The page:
SIBOS – A final thought?
One week on, a final reflection on SIBOS.
I find after SIBOS one often needs to let the hubris fade a little before you can really glean any insight into what was really interesting and relevant from the four days.
One reflection from SIBOS this year was how far the dialogue had moved on in relation to fintec.
At SIBOS in Boston, fintech featured heavily, but not in the main sessions where regulation still dominated. This year fintech, and whether this was going to ‘disrupt’, ‘transform’ or was now considered ‘BAU’ was interspersed with the more traditional sessions.
When asked to summarise SIBOS 2015 I would highlight the following themes which I think will drive much of the agenda in 2016:
Balancing the ‘millennial’ debate
Discussions around ‘millennials’ and their likes, dislikes, wants and needs were a daily occurrence at this year’s SIBOS. It is clear that this generations preferences are shaping the future of the financial services sector and challenging many traditionally held views on the roles of banking and financial services.
However, speaking to several clients it was clear that the mood in some areas was that the voice of the millennial generation was perhaps being disproportionately heard in many of the key debates. In fact, some felt this was drowning out some of the more serious debate around cybercrime and the systemic risks to the financial system this could pose. One only needs to look at what happened to Talk Talk last week to realise how real the cyber threat is.
In the middle of the maelstrom of technology and innovation, a very human challenge is the need for different generations to learn to listen and respect the views of others in the wider debate on the future of Financial Services.
Block-chain fatigue already?
Excitement and exasperation in equal measure, the mere mention of the term would split a room!
Although many recognised the potential benefits of the distributed ledger technology and its application to reconciliations and potentially trade, many felt the technology was still un-proven, with many big regulatory and trust hurdles to overcome. One concern I didn’t really hear being fully addressed yet was how block-chain would cope with a failure, where would the liquidity in the system come from and where would responsibility lie for resolution?
That said, it’s an exciting development for the industry and many of these concerns could be simple growing pains. Indeed just the other day Nasdaq announced their own block-chain platform. What I find really fascinating about the topic is that many block-chain enthusiasts already believe many of these issues are being addressed and if that really is the case, and adoption gains momentum, it is a technology that could genuinely disintermediate the banks, rendering their concerns far less relevant to the whole debate.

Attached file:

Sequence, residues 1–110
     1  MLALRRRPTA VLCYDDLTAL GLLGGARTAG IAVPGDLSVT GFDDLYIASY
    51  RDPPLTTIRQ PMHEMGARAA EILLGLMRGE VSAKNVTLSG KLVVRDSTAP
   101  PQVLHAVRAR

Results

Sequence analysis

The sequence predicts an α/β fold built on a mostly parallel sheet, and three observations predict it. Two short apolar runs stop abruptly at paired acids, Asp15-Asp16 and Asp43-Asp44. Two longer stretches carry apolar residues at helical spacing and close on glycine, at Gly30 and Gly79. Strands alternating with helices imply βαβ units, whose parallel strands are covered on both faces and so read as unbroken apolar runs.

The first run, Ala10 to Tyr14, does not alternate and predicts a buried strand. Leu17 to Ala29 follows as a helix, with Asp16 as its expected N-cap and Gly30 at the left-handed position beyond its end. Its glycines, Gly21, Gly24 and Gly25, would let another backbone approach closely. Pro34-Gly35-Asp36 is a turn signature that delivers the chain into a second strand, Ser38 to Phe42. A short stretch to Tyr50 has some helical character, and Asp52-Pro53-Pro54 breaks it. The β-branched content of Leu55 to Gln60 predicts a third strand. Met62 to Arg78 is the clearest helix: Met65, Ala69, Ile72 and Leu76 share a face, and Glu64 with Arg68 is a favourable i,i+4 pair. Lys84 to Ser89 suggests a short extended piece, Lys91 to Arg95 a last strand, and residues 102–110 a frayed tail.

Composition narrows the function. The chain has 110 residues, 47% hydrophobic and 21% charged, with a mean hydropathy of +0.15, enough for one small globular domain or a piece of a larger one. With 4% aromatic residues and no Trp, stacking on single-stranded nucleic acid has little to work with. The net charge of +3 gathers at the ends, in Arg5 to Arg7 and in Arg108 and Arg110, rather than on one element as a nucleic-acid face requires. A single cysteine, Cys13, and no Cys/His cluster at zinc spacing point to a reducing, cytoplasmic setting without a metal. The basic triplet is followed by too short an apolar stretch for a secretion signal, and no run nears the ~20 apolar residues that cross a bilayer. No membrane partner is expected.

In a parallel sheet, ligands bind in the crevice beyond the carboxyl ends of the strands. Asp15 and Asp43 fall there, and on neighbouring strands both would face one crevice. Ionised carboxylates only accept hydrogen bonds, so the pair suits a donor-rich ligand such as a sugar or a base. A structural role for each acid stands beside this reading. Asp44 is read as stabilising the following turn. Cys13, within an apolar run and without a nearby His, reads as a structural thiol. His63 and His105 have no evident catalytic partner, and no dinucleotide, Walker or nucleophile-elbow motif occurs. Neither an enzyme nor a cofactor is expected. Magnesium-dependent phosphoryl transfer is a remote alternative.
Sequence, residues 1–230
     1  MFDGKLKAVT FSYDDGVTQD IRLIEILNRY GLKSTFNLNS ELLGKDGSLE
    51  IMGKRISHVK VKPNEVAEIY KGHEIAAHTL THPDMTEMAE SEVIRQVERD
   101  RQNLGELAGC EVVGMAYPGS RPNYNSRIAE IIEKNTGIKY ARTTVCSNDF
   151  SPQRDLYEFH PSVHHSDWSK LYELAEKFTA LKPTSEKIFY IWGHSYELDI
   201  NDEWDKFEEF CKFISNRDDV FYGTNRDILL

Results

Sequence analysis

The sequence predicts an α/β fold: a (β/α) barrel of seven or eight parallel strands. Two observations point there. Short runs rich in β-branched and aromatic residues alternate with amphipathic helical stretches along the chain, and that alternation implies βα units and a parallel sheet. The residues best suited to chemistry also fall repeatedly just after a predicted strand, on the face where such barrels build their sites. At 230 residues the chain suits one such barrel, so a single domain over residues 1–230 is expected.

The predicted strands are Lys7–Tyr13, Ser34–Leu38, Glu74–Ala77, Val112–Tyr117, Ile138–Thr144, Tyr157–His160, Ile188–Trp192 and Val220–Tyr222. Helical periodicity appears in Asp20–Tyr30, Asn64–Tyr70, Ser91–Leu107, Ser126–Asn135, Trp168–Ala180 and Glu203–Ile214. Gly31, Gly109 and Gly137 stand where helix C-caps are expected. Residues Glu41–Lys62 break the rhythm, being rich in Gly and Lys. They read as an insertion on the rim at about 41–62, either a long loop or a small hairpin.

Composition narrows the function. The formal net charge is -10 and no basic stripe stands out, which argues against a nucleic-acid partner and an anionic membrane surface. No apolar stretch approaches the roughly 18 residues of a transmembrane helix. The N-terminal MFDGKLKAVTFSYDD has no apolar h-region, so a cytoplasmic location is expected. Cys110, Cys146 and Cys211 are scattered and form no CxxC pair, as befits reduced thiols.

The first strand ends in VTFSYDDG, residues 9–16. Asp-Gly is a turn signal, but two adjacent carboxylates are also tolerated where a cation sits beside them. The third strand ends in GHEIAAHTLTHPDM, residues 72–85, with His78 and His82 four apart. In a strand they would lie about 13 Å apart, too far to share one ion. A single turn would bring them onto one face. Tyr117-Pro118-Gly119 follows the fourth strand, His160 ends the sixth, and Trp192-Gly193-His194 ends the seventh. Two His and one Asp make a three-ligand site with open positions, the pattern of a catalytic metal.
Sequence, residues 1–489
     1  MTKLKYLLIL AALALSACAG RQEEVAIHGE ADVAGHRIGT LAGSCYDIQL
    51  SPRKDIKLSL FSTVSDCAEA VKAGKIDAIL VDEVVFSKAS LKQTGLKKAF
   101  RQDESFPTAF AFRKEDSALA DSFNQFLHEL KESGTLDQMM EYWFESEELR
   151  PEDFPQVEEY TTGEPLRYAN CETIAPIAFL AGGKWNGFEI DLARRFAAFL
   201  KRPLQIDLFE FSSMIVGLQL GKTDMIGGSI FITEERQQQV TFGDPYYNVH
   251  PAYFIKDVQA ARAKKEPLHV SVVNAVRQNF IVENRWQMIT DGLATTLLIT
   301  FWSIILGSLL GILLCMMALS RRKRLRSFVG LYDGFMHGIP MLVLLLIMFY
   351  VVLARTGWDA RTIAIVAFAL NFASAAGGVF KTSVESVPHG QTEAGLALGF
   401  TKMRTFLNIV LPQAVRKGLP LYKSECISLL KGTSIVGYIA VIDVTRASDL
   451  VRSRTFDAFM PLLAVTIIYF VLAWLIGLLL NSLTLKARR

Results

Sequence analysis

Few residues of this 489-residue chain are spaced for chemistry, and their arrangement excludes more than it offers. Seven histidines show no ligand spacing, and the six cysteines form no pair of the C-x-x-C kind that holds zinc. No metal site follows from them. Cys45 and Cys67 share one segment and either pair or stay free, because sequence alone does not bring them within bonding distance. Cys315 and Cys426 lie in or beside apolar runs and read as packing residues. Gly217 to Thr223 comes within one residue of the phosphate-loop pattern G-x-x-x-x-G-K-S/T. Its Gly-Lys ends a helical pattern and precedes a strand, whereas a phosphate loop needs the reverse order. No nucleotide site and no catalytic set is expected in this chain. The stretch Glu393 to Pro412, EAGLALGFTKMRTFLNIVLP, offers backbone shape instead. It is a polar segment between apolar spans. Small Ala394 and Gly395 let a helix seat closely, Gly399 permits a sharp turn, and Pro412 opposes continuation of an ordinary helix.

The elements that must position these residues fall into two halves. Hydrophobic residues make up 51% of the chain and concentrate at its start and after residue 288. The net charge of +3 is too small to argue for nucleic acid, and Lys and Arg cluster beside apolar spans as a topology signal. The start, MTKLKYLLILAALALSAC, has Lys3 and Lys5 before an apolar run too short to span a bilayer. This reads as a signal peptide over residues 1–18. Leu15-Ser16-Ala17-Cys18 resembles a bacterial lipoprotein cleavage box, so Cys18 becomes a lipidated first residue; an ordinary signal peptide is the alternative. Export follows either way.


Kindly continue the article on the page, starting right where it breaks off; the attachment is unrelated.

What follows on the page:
Customer – Client – Correspondent?
With the implications of conduct risk, the rise of co-opetition and general confusion as to whether fintec and challenger banks were friend or foe, it was clear that the landscape is a complex mosaic like never before.
Trust still needs to be established and when you add to this obligations such as senior manager regime and the demands of ring fencing in the UK market, it’s no surprise many of the bankers maybe a little cynical in the face of fintech enthusiasm and millennial ‘simplification’.
Although these macro themes were present in the majority of conference sessions, the banks continue to be fully aware of the need to focus on the fundamentals of providing liquidity, being safe, and striving to meet multi-jurisdiction regulatory obligations, where standards are still not aligned.
It’s an environment characterised by huge opportunity, but one challenged by geo-political threats, cyber-crime and on-going regulatory and prudential obligations. As one client nicely put it to me, for banks to really seize these opportunities they need to firstly “truly disrupt themselves”.
As ever, the only real conclusion is that of course some banks will rise to these challenges, and the successful ones are likely to be those that collaborate extensively across every area of their business. This includes working with clients (or customers!) much more closely, and having a less narrow definition of what a correspondent relationship really is.
The debate also needs to be less polarised. To be a successful business in Financial Services, we need to stop viewing this as a ‘fintech – challenger – bank’ type problem and it’s down to the Millennials, Gen Y and X and the Baby Boomers to work together to break down these siloed perspectives.
Otherwise, I’ve no doubt an innovation may truly disrupt the industry from a source that doesn’t even have its routes in Financial Services, thus rendering some of these artificial distinctions largely meaningless and irrelevant to the future of the industry.